Thousands of people gathered at the Brooklyn Museum this past weekend for “First Saturdays,” a night of free programming that quickly turns into a party.
While some were there for the live music and the art — including the final days of an exhibition dedicated to Spike Lee — many were there for the fashion.
“It feels so good to see people dressed up,” said Sarah Dawson, 33, who has attended First Saturdays since she was a child growing up in Brooklyn. “Everybody is coming here collectively looking beautiful.”
Dawson, a self-described Keith Haring fan, made her jacket while attending the Fashion Institute of Technology. These days, she looks for outfits that work with her pregnancy.
“I’m not a super matchy person,” she said. “I don’t care about that. As long as I feel cute when I look in the mirror, I’m good to go.”
She had styled her partner Basaime Spate, 35, in a black hat that belonged to her father and a vintage jean vest, which her mom painted with the likeness of former Ethiopian Emperor Haile Selassie.
Princess Spencer, 33, had driven up that day from Virginia to see the Lee exhibit. Her outfit paired camouflage pants and a white tank top with a jacket painted with images of Lauryn Hill, Lil’ Kim and Solange Knowles.
“First Saturdays is a Black event every month”
First Saturday happens on, well, the first Saturday of most months.
The Brooklyn Museum began hosting the event in 1998, and patrons can enter the museum for free and catch live music performances, film screenings, talks by curators, DJ sets, a marketplace and the occasional group yoga session. First Saturdays typically draw around 10,000 people, according to Lauren Zelaya, the museum’s director of public programming.
Each event has a theme. This past Saturday’s was “Brooklyn’s Gotta Have It,” which celebrated Black History Month as well as Lee’s exhibit, which closes on Sunday, Feb. 11.
Babel Loft, a private membership club based in Bed-Stuy, was providing drink options as DJs from the Brooklyn-based community platform The Lay Out played a 90-minute set.
The museum’s halls, stairways and even the main lobby were packed all night as people made their way through the building.
Dawson and Spate attended First Saturdays for a date night.
“At the end of the day, First Saturdays is a Black event every month, but it’s a super Black event for [Black History Month],” Dawson said. “You run into everyone here.”
Kat Leblanc, 36, said she wanted to convey that she’s “Black and proud” with her outfit, which layered a bright red jacket over a cream-colored cardigan. She finished the outfit with a gray wool beret and small silver Telfar shopping bag.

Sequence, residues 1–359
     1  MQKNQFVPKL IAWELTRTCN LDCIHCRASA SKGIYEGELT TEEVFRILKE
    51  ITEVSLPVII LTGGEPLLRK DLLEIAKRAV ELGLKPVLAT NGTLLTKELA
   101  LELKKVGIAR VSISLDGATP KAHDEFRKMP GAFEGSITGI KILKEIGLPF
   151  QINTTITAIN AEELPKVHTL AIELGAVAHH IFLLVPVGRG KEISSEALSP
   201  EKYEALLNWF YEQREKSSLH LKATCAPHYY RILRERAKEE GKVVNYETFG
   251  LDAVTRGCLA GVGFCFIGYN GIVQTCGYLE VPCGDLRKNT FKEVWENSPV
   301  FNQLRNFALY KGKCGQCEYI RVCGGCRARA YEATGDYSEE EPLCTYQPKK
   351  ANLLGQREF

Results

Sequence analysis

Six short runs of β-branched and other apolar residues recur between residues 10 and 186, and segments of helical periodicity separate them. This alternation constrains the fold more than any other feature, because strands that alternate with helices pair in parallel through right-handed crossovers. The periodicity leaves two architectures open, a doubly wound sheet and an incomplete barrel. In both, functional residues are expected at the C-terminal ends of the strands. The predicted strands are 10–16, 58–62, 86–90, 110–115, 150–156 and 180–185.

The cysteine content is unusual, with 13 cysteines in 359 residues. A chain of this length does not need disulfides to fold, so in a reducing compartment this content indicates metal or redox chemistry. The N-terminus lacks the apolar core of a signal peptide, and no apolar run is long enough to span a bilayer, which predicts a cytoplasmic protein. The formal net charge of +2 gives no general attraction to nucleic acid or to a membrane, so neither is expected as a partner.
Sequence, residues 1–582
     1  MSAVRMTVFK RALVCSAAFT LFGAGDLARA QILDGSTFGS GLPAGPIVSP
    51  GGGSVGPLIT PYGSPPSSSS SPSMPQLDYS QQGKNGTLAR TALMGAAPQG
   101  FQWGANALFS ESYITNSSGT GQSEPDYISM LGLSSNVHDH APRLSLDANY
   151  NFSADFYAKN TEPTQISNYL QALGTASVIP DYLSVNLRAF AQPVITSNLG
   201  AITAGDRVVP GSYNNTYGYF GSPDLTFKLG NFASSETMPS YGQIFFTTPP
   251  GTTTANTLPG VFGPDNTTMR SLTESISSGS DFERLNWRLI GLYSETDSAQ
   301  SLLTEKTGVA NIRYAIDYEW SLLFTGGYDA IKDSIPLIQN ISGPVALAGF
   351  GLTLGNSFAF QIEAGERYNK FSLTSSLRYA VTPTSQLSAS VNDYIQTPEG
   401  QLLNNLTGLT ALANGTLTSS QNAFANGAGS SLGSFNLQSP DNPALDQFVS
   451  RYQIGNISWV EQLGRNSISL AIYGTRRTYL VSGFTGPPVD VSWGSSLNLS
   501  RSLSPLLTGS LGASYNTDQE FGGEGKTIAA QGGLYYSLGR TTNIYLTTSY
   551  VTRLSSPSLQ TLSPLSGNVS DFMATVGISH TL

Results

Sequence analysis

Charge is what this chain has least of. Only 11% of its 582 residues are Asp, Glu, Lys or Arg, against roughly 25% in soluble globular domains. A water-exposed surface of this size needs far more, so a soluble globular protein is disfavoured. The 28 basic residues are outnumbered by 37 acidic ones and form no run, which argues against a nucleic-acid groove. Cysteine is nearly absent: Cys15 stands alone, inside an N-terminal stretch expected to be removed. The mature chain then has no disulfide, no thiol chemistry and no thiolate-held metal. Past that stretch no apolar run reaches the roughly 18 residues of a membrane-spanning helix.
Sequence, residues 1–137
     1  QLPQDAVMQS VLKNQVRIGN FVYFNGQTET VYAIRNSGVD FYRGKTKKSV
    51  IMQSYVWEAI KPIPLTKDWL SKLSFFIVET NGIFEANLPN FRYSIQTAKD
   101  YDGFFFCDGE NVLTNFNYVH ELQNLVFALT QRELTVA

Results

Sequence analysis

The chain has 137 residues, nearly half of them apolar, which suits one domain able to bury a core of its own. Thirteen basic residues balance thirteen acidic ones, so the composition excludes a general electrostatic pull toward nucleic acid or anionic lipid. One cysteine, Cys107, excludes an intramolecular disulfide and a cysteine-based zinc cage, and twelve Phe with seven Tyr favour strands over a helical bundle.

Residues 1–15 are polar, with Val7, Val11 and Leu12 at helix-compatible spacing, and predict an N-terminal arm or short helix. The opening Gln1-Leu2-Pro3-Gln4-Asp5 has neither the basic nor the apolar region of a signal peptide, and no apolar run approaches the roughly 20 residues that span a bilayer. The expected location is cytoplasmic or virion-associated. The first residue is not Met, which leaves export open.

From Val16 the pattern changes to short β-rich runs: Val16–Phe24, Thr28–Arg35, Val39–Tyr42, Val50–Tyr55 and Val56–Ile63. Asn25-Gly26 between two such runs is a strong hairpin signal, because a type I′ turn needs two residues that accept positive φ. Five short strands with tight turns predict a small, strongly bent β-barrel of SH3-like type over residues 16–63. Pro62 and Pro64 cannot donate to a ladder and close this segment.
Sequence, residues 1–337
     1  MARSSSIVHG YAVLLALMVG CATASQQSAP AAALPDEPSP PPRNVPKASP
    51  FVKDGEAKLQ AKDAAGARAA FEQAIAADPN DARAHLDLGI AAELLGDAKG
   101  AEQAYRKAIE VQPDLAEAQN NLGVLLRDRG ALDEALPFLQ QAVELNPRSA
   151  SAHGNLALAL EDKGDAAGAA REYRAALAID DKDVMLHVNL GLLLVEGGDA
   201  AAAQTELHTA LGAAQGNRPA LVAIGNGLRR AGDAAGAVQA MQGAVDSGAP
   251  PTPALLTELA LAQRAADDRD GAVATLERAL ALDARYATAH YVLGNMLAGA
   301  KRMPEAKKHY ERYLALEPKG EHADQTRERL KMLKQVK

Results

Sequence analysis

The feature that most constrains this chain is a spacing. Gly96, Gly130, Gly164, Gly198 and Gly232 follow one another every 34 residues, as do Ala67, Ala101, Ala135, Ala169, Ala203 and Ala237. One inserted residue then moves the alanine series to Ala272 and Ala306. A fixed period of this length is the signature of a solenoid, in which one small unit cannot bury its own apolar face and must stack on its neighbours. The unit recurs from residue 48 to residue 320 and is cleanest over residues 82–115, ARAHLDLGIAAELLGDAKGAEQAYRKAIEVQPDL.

Leblanc, a stylist, said she had never visited the museum as a child even though her grandmother lived across the street. Now she makes it a point to attend First Saturdays whenever she can because she loves the energy and the fact that small businesses have a platform there.
“I’m kind of like a walking billboard,” she said. “People always compliment my outfit, and I let them know I’m a stylist, and they’re like ‘I need help!’ And we just go from there.”
“A spot to hang” for all ages
Although it becomes a party for grownups, First Saturdays is an all-ages event.
Families with children usually come around opening time in the early evening, but thousands of young people fill the museum to dance and socialize after sunset.
“We hope that it’s a place that people come, gather and catch a vibe, but we also hope it’s a place where people can build, learn and engage with one another,” said Zelaya, the museum’s public programming director.
“We’ve seen a lot of change in the neighborhood,” she added, noting that a goal for the museum was to “be welcoming to new residents but also honoring people who have deep roots in Brooklyn.”
Zelaya said that according to museum data, nearly 80% of visitors who attended First Saturdays in 2023 identified as Black, Indigenous or people of color, and 35% of them were under the age of 35.
She said the museum aimed to collaborate with local Brooklyn talent, which also attracts a younger crowd.
“For young people with a lot of energy, that’s a spot to hang,” she said.
Spencer, who was visiting from Virginia, said that although she dressed to impress a potential lover, she was also trying to be comfortable for the six-hour drive.
She said she supports the museum because she appreciates how its programming incorporates “Black exhibits.”
“We don’t really have a lot of those spaces we can be in,” she said. “It’s why I will make the drive to come to the Brooklyn Museum, because they are very diverse in the exhibitions that they have open.”